Last week manna, this week water. Same song, second verse. Could be, but it doesn’t have to be. There are two threads that are more fully explored in the preaching notes that could be a guide for the conduct of worship in this final week of our wilderness series: One is that of storytelling; the other is of faith that brings fullness and joy.
The psalm text for this week invites us to remember what God has done and is doing in our midst. And it especially encourages the people of God to teach what God has done and is doing to the children and to teach the children so that the children can teach their children. It’s time to be taught by the children this week. What can we learn from our children about how we are to live as the people of God in the world today? What have they learned from us, and what would they pass on to the next generations?
For online worship, get an interview crew to go and talk to children. As them what matters; ask them how we show love; ask them to tell us what Jesus told them about living. And then string together some of the children telling the simple truths of life and living. Ask them about Jesus and who Jesus is, and just listen to what they say. It can be enlightening; it can be inspirational. Let the children teach. Even for in-person worship, a video would help with the flow so much better than trying to get reluctant little ones to respond on command. But find a way to hear from the children. It will bless you, and even inspire you to make sure you are doing right by children in how you tell the story.
The Exodus text is another one of miraculous provision; water again takes the stage. But this time it isn’t water we pass through; it is water we drink. Maybe some reference to the necessity of water would be appropriate. It might also be enlightening to talk about clean water and water as a resource. There are those who argue that soon wars will be fought over water just like wars had been fought over oil. Water is a resource that will become increasingly scarce. Maybe there could be an ecological approach to water and water bottles. How can we continue to protect our planet and throw away millions of single-use plastic bottles? There are many approaches one could take to water as the central theme of this service.
But, as discussed in the preaching notes, maybe water isn’t what this text is all about. Maybe it is about the life of faith, or about faith in a God who is present and who provides. In our text, we begin with a whine, and we shift to a threat, which then becomes a complaint. And while the people get what they need, there is no sense that they enjoy the gift. They are remembered not for the miracle of water from a rock, but for their complaining. The place is named testing and quarreling. How’s that for a legacy?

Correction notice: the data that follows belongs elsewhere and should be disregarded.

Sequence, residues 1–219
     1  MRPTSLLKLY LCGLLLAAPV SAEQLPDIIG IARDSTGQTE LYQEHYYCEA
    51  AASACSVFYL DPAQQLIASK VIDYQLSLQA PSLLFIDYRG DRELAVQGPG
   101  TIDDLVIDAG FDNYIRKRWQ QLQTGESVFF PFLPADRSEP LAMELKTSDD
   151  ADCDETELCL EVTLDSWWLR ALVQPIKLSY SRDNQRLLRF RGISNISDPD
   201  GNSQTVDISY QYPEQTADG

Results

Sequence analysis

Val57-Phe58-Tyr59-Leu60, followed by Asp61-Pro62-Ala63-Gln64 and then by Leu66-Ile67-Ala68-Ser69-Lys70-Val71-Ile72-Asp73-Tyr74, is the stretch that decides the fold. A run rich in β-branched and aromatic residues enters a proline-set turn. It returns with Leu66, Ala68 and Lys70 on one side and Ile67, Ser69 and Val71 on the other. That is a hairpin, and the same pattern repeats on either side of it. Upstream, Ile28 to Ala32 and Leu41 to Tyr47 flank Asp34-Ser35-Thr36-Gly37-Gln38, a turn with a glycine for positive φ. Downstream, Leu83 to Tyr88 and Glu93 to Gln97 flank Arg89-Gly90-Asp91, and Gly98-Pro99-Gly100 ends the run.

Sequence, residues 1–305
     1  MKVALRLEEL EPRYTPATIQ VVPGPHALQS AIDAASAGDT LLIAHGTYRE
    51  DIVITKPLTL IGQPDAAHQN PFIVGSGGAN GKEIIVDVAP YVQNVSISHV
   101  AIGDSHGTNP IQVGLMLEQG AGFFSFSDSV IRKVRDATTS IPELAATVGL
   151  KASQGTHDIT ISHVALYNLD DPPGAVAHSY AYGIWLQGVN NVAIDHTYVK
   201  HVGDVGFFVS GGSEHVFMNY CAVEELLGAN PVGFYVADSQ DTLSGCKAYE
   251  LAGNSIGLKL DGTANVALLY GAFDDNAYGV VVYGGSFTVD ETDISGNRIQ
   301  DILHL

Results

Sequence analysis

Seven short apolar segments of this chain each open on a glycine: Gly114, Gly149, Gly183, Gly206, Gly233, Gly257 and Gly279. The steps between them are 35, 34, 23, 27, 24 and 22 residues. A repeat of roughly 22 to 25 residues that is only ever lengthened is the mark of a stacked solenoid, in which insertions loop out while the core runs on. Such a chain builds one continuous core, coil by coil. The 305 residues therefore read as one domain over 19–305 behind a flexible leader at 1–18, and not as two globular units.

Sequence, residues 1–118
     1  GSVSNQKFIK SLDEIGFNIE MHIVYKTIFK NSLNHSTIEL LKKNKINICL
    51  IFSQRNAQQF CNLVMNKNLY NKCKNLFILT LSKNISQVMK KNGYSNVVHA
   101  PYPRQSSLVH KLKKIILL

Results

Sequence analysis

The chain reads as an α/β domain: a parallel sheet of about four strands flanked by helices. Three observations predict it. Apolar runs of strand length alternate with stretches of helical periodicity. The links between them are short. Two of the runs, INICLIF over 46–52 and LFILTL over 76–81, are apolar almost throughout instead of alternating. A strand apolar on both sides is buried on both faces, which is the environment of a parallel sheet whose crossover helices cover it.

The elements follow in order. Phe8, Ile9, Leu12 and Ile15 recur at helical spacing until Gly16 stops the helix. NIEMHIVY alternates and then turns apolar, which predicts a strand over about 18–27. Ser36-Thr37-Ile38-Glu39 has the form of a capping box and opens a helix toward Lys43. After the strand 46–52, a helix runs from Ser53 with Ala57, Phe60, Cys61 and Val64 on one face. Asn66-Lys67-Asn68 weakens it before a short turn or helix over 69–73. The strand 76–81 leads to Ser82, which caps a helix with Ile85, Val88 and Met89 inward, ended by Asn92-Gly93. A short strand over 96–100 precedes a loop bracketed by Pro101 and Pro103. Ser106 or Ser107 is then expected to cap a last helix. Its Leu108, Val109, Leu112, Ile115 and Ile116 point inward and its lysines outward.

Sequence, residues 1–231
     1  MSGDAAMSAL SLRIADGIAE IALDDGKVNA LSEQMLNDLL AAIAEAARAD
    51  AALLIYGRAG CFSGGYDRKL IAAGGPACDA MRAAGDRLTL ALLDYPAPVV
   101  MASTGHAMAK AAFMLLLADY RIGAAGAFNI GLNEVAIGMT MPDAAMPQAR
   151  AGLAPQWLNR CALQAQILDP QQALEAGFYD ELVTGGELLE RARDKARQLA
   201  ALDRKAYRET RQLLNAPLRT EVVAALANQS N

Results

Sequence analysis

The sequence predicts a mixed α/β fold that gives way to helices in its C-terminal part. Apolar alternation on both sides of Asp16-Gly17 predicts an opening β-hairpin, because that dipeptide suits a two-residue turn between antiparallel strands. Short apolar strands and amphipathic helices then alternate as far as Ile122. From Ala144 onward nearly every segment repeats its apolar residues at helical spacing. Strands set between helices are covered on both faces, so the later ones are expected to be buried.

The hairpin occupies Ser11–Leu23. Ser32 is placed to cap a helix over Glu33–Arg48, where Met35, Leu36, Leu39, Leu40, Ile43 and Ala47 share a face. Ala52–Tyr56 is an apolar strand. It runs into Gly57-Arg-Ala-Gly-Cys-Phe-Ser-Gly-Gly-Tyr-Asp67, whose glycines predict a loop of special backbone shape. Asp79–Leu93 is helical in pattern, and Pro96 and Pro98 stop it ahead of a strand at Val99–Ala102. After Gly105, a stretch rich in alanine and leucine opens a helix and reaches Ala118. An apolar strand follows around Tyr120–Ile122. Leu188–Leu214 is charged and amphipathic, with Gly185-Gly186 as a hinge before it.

This isn’t a call to single out the complainers in the congregation, but to provide an alternative. How do we embrace with joy this life of faith? How do we lean into what God has given and trust that there will be enough as we go forward? Even in the wilderness. Not that there isn’t hardship, not that there isn’t lack, but as a community, we can embrace the possibilities rather than the scarcity.
What if the theme for the week, “Strike the Rock,” becomes a call for deeper living? “Strike the rock” means lean on God, trust in Jesus. Strike the rock means find the joy even in difficult moments, even in the wilderness. Striking the rock is trusting that there is a way forward even when it seems like there is no way. Striking the rock is a declaration of faith, even when it seems like giving up makes more sense. When we gather week by week, in person or online, with our worshiping community, we are striking the rock. Of all the things I could be doing today, I chose to be here, chose to be present with this group, lifting up our hearts in worship of the God who provides, the God who is present. I’m striking the rock.
Find a rock to strike: the foundation of the church, or church walls if you are together. But invite the online worshippers to find a rock to represent the church, something to strike; and invoke the Spirit to be a part of our worship. Instead of ringing the bell this week, strike a rock.
The prayers are prayers of faith and not complaining—faith that we will get through even messy situations, that a way will be found through the brokenness of our society, the division between the races, between cultures. We acknowledge a need, but we strike the rock, believing that God will bring us through this portion of the wilderness.
Rev. Dr. Derek Weber, Director of Preaching Ministries, served churches in Indiana and Arkansas and the British Methodist Church. His PhD is from University of Edinburgh in preaching and media. He has taught preaching in seminary and conference settings for more than 20 years.